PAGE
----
Hardscape features combine with plantings to create outdoor rooms, places that serve particular functions similar to indoor rooms: eating, entertaining, working, and so on. The idea of the outdoor room goes far back in the history of landscape design. Cro-Magnon caveowners in the Paleolithic Era had spacious outdoor rooms that they used for eviscerating woolly mammoths and entertaining visiting troglodytes. Over time, the idea evolved into the modern outdoor room equipped with 50 square feet of barbecue-grill surface, two convection ovens, a big-screen television set, spa, fitness center, and maid's quarters. Somewhere between these two extremes lies the sensible, sustainable outdoor room of the future. You can see a plan for an outdoor room in Figure 12-4.
Many outdoor rooms are more versatile than indoor ones, combining functions that you'd never pair up indoors, such as providing a place for lounge chairs, bouncing light into the house, and soaking up rainwater. Permaculture, a methodology of holistic design, calls this multiple-use approach stacking functions, and it's a hallmark of sustainable design.
Typical outdoor room plan.
Keeping the cars happy: Outdoor parking
The automobile is with us for the foreseeable future, and both yours and those of your guests need to be parked somewhere. Ponder the possibilities of making parking space smaller and more environmentally friendly. Here are some tips:
✓ Make your driveway permeable. Runoff from driveways causes flooding and pollution. Use pervious concrete or pervious paver blocks so that water soaks in and is used by plants rather than going into the gutter.
Another cool option made of a honeycomb of recycled plastic panels is a vegetated paving system. They make your driveway look totally rad. Check out Chapter 14 to see how the system is put together.
✓ Pave with mulch or gravel. Both are permeable and much lower-impact than concrete or other formal paving. Just keep in mind that gravel attracts weeds.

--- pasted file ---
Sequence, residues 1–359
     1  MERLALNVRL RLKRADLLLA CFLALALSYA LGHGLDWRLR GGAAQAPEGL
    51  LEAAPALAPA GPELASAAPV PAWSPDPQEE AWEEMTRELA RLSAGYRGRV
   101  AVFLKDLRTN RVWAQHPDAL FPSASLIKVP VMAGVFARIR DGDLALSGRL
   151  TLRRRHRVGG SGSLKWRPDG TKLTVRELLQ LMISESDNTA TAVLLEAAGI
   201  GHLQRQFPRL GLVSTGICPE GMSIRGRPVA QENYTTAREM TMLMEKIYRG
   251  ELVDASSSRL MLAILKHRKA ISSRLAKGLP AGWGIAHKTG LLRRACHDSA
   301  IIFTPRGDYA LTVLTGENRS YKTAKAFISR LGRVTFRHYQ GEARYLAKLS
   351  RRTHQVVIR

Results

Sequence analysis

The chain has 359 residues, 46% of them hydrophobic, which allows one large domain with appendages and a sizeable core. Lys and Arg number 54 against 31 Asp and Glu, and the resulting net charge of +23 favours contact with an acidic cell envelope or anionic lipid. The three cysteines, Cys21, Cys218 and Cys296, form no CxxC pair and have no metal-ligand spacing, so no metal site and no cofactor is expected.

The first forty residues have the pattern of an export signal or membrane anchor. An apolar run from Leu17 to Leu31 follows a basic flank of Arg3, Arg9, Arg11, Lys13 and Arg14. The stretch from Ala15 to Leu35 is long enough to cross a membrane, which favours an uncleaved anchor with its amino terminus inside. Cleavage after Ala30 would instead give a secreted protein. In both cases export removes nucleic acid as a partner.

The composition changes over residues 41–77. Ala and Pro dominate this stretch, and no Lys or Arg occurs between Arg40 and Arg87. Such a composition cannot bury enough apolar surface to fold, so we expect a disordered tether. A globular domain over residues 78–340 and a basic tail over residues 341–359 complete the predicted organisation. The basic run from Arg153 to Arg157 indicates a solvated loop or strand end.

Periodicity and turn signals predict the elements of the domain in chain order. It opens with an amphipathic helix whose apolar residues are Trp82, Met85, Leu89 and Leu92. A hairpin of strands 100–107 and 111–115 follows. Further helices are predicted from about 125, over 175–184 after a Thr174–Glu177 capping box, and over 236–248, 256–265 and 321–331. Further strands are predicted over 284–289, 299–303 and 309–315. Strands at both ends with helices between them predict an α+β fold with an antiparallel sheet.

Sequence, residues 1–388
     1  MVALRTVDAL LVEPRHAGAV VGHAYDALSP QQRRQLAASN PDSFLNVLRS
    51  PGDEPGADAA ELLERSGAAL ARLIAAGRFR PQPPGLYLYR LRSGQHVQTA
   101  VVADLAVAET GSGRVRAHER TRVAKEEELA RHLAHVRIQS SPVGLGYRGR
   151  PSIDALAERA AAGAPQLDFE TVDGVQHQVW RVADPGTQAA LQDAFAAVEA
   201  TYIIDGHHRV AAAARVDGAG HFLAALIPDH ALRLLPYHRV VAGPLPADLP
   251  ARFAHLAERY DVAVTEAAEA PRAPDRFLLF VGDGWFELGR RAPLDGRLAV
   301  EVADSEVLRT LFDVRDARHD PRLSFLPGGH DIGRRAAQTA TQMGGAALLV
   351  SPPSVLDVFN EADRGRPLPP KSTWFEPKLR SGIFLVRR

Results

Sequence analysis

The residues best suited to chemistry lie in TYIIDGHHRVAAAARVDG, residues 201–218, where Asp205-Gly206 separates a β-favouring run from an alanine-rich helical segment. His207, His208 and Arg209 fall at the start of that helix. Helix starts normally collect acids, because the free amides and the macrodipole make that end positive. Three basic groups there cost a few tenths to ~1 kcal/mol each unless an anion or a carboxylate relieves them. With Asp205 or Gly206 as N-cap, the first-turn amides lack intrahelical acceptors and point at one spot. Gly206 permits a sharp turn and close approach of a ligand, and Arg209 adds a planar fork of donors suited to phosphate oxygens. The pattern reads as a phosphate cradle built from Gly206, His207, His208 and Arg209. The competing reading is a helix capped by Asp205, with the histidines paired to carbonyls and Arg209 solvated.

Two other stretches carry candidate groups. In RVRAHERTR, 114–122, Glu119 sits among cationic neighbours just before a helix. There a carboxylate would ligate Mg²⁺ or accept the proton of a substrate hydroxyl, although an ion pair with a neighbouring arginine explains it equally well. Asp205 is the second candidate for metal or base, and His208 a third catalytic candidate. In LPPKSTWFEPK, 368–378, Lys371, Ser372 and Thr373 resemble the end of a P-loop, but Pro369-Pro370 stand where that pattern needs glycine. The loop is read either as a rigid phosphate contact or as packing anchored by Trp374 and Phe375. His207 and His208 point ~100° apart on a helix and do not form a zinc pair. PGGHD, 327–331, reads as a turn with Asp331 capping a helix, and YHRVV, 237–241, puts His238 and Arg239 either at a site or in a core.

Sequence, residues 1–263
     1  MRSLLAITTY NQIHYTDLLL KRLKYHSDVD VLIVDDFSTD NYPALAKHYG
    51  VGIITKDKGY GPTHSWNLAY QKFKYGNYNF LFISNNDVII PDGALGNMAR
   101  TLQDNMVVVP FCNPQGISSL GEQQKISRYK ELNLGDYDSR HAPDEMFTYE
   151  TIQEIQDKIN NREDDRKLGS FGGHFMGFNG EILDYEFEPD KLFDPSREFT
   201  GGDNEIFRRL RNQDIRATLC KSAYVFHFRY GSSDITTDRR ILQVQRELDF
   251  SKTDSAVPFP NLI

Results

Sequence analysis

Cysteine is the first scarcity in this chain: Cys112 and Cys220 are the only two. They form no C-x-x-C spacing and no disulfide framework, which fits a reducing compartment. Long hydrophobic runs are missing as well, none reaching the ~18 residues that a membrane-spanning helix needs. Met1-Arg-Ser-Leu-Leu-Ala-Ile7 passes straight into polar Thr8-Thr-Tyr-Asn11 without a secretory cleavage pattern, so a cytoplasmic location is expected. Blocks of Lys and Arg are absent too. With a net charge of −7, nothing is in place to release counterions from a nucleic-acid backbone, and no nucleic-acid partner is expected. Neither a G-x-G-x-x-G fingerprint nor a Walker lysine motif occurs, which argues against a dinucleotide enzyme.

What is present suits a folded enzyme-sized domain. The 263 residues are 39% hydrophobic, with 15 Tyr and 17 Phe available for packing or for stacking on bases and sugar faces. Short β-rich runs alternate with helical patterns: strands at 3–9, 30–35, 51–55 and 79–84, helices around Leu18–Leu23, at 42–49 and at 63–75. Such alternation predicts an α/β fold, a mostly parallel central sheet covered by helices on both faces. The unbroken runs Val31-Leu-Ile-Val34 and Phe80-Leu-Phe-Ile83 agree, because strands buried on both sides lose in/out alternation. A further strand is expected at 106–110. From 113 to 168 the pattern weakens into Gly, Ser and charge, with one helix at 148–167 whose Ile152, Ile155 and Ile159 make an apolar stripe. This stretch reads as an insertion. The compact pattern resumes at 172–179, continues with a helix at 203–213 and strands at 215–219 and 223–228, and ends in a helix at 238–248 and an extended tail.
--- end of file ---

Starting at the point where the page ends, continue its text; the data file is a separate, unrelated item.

Like indoor rooms, outdoor ones are made up of floors, walls, ceilings, and paths. But outdoor rooms usually are less rigidly defined than those in the house, with partially transparent walls, less privacy, and few or no doors to subdivide the space emphatically.
Materials used for outdoor rooms vary widely and can be quite different from materials that are used for indoor rooms. However, some continuity can be achieved by taking weather-tolerant indoor flooring or wall elements outside.
The ideal outdoor room should feel like part of nature. An overabundance of manmade structures and appliances is not only environmentally unsound, but it also creates a setting that's too much like the indoors. The whole appeal of having landscaping in the first place is to be closer to natural things, so why muck it up with a lot of hardware? After all, the Garden of Eden didn't have a spa and an eight-burner barbecue.
Many outdoor rooms serve the same functions as indoor ones. A patio is a type of outdoor living/dining room combination. A lawn is like a playroom. A veggie garden or orchard is the pantry. A potting bench is the garden's workbench. The following sections offer the lowdown on some of the most common outdoor rooms.
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How would you like to save a ton of money and increase the value of your home by as much as thirty percent! If your homes landscape is designed properly it will be a source of enjoyment for your entire family, it will enhance your community and add to the resale value of your property. Landscape design involves much more than placing trees, shrubs and other plants on the property. It is an art which deals with conscious arrangement or organization of outdoor space for human satisfaction and enjoyment.